CLI is essential for quick routing, but it does not allow parallel processing of signals. The speed of CPLD with configured I/O cells is faster than that without them.

These interconnect used to connect or route signals from one logic cell to another in a limited amount of time, usually less than 100ns. This interconnect has no buffers (input or output), and it does not use dedicated clock signals.

This interconnect is useful in configurable logic block cells with many input pins, such as a LUT.

The speed of CPLDs with configured I/O cells is faster than that without them.

FPGA Architecture

The FPGA architecture comprises an array of logic blocks and interconnects. These logic blocks include individual logic gates connected by programmable interconnects capable of routing multiple signals simultaneously.

The basic concept behind the FPGA architecture is that we implement all the logic functions in its logic gates. The manufacturer hardwires the configuration into the IC’s design. Also, they can change them by programming specific bit patterns at runtime.

Manufacturers combine multiple logic gates to form logic blocks in the FPGA architecture. These logic blocks are then connected to form the full FPGA circuit or design.

FPUs are suitable for implementing complex designs. They provide many programmable interconnects and flexibility to change their functionality at runtime.

The FPGA has a larger die size than CPLDs because it has more logic functions implemented on its chip.

FPGA architecture has two types of logic blocks: dedicated input and output (DIO) cells and configurable logic block (CLB) cells.

Dedicated input and output (DIO) cells

The DIO cells connect the FPGA to off-chip resources or other devices or memories. We use the CLB to implement complex functions such as digital filters and digital multipliers to process multiple signals simultaneously.

The number of DIO cells is usually more significant than that of CLBs. An FPGA can have from 64 to 4096 DIO cells and 1 to 128 CLBs.

Configurable logic block (CLB) cells

We use the configurable logic block (CLB) to implement complex functions such as arithmetic logic units (ALUs) and multipliers. These cells help implement simple functions such as basic logic gates. In this case, a CLB can implement a single logic gate. The number of these cells is less than that of DIO cells.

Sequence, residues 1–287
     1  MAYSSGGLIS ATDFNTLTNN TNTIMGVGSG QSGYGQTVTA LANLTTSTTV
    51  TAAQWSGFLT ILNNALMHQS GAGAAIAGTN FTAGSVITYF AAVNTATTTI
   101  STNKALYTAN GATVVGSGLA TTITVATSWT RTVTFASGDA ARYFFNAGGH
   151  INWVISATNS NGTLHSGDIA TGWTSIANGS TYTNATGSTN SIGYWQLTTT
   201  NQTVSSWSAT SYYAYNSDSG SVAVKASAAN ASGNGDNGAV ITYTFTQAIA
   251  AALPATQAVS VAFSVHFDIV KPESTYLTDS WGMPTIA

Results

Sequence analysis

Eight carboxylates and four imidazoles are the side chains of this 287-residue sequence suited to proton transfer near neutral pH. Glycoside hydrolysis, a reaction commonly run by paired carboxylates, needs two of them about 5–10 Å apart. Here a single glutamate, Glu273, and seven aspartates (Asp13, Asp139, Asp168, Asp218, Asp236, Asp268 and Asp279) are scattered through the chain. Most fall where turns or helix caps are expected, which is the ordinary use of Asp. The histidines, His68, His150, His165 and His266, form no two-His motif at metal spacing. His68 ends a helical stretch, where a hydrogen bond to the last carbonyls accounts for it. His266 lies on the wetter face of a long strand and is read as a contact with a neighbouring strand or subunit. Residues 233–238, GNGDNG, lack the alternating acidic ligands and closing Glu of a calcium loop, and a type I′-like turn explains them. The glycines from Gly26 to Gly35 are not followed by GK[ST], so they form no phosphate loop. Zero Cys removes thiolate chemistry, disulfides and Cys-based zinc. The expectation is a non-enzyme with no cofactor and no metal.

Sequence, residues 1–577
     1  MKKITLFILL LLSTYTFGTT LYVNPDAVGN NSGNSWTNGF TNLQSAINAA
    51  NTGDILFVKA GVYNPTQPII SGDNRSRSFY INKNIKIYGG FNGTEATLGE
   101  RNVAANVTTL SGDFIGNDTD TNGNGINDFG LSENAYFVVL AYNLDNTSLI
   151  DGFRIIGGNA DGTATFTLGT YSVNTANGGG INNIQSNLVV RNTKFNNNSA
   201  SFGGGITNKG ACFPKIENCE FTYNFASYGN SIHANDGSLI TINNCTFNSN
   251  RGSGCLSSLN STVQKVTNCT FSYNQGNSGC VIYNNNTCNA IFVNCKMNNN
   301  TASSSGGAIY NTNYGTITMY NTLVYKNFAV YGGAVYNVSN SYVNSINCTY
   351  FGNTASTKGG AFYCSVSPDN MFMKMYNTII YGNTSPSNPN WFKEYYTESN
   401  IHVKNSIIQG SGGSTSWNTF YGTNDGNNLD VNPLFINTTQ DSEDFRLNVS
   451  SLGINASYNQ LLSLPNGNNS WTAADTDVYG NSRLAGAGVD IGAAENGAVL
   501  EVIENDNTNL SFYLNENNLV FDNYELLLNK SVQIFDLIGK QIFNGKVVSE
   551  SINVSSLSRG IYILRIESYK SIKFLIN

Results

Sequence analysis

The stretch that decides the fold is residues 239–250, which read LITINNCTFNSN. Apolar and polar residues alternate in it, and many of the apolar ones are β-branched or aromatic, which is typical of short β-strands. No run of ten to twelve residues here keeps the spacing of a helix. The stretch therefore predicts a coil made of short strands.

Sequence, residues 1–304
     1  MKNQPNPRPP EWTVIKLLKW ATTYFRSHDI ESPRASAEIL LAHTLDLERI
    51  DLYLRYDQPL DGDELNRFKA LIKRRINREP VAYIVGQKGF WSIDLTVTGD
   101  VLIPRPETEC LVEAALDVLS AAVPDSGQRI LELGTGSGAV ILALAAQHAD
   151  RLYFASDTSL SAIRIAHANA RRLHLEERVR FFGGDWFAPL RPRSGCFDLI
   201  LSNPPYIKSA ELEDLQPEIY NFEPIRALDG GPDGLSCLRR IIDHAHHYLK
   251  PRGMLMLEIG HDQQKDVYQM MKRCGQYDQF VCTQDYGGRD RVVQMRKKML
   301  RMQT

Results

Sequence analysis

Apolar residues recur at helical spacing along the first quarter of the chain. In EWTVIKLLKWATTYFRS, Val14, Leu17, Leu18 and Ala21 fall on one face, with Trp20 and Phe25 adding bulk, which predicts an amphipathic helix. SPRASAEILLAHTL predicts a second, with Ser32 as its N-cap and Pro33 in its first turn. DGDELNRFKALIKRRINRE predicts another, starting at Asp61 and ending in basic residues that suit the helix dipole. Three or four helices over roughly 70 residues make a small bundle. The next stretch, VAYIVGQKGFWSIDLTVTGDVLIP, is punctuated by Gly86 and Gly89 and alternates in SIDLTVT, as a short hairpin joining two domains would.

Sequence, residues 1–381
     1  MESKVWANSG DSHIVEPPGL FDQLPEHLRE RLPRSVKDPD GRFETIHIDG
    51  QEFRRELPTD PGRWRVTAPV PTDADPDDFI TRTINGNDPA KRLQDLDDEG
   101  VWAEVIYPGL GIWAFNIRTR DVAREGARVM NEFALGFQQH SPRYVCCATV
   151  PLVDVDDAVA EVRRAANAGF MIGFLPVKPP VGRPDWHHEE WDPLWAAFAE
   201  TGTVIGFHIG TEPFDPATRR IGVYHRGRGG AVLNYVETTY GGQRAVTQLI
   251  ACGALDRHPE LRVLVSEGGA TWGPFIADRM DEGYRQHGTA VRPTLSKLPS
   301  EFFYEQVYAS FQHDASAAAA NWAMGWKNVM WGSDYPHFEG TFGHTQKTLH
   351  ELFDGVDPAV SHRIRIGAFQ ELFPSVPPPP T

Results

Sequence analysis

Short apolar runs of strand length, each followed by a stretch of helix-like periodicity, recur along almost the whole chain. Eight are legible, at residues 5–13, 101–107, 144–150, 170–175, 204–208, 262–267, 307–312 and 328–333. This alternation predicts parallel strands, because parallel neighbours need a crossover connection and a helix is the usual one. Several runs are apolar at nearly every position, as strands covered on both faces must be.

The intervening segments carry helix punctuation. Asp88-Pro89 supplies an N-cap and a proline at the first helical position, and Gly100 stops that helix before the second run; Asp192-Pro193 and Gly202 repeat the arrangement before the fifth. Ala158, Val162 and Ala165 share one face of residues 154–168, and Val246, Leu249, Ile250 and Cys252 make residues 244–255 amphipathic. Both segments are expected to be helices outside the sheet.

There are two types of CLBs in an FPGA: Row-Specific CLBs and Column-Specific CLBs. We use the row-specific CLBs to implement row-oriented designs. For example, digital systems have a shorter delay than column-specific CLBs. We use the column-specific CLBs for implementing column-oriented designs. Also, it requires a large number of resources compared to the row-specific CLBs.

The FPGA architecture is scalable, and we can reconfigure them at runtime. This implies that the FPGA design needs implementation in a smaller version of the original design.

CPLD vs. FPGA Key Differences

FPGA stands for field-programmable gate array

FPGA and CPLD, which one should you use or better? In digital electronics, many ICs are available with different characteristics and features. We label these ICs according to their performance, the area they take, the power they consume, etc.

1. Starting the Work

As discussed earlier, an FPGA has a larger die size than CPLDs. That’s why the application engineer starts with the design using an FPGA first. When he meets the requirement, he can start implementing it on a CPLD chip. On the other hand, CPLD is a better choice for many reasons in digital electronics. If you want to start your career in this domain, you should consider using a CPLD.

2. Number of I/O Pins

FPGAs have more I/O pins than CPLD because a few more pins are valuable in interconnecting more entities in an FPGA than in a CPLD chip. For example, a digital multiplier module will have more I/O pins than a single multiplier, and a digital filter module will have more I/O pins than the digital system.

3. Stability

In the field of digital electronics, FPGAs are more stable than CPLDs. We maintain stability in the FPGA by using more decoupling capacitors and power supplies than CPLDs. This is because a small change in the design requires additional routing of signals. It will affect the power consumption of FPGAs more than that for CPLDs.

4. Timing Analysis

When comparing timing analysis of a circuit implemented in an FPGA and a CPLD, FPGA comes with a larger margin of error. This is because CPLDs are faster as they use smaller buffers and faster logic blocks than an FPGA. However, the CPLD is slower than an FPGA due to the larger logic cells.

5. Logic Resources

An FPGA or CPLD consists of logic blocks, and the number of logic blocks varies from one chip to another. Each logic block contains a fixed number of logic gates in an FPGA, and we can configure it at runtime. Since each logic block contains a fixed number of logic elements, the resources in an FPGA are few based on the type of function it will perform. For example, you need more resources to make an FIR filter than required for an 8-bit counter.

6. Flexibility